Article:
Scott Bainbridge writes about The Great New Zealand Robbery of 1956
Largely forgotten today, the waterfront payroll robbery of 1956 gripped the nation at the time and for decades after.
But that was only after details of the crime could no longer be suppressed. This was a crime on a scale that threatened to embarrass the government less than a year out from a crucial general election. The political atmosphere at the time was one of the government losing its grip, regarding unsolved crimes, and Minister of Justice Jack Marshall put pressure on police to solve the waterfront robbery quickly.
The Great New Zealand Robbery published by Allen & Unwin, is a masterly work by leading true crime author Scott Bainbridge. It is a well-researched story of the most audacious and meticulously executed heist in New Zealand’s history. Scott Bainbridge is the author of four true crime books.
Only one man, small-time crook Trevor Edward Nash, was ever convicted for the crime, and he may have only been called in at the last minute when the main perpetrators were unable to open the safe that contained the payroll for Auckland’s waterside workers.
Nash became a legend in his own lifetime as a man who could escape from prison while serving a seven-year sentence, stay on the run for months and leave the country, only to be arrested by a foreign cop with a photographic memory.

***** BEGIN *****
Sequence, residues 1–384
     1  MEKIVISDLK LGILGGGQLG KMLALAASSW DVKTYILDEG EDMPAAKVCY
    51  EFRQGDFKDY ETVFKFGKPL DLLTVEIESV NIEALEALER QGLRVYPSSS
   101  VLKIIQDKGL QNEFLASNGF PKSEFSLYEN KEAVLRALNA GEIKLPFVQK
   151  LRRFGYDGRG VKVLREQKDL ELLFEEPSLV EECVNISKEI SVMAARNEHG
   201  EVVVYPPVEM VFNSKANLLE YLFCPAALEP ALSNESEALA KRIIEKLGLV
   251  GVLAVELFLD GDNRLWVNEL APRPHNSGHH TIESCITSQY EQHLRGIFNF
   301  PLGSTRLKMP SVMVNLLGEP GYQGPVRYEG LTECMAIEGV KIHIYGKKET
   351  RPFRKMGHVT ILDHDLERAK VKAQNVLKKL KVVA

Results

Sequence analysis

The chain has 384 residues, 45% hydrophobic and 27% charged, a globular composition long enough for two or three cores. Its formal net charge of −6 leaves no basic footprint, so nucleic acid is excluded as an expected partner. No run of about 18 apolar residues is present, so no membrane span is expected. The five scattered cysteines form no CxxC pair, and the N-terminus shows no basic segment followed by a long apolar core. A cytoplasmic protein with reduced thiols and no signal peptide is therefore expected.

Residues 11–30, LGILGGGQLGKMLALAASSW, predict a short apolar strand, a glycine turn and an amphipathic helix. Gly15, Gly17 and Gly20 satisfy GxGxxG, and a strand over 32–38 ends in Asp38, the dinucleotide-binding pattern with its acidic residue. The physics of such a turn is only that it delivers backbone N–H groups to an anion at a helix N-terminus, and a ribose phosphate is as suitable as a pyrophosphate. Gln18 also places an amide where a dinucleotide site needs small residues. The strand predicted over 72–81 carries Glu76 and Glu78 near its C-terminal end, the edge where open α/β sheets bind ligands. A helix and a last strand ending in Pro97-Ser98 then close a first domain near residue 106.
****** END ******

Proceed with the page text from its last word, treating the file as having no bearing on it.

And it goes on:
Interestingly, while Trevor Nash was serving time in the Big House (Mount Eden prison) another Nash (no relation) was serving time as New Zealand’s oldest prime minister. Both were elected within months of each other (one with only 12 votes) and both escaped their sentence within months of each other.
Nash never acted alone in the robbery, or with his escape from prison. Many high-profile gangsters of the time were investigated but none was ever charged with the payroll robbery or with assisting with Nash’s escape. Nash alone took the rap, and in 2001 he took his secrets, and the names of his co-offenders, to his grave. He was a poker-faced criminal who carried out his crimes and covered his tracks with meticulous care. Apart from one fateful episode, Trevor Nash never drew attention to himself. But that one episode changed the course of the police investigation and put Trevor Nash behind bars. Bainbridge describes it all brilliantly.
Nash was elevated from an over-looked, small-time crook with few skills or connections, to a daring highly organised criminal who would be closely scrutinised by police for the rest of his days. Despite that, he was only ever charged with one other robbery. But on that occasion the jury found him not guilty.
In the book, Bainbridge names the criminals who most likely organised New Zealand’s greatest ever robbery and helped Nash escape. A fascinating read that conveys the strong message that there is loyalty among thieves, sometimes, even if it come with a price tag.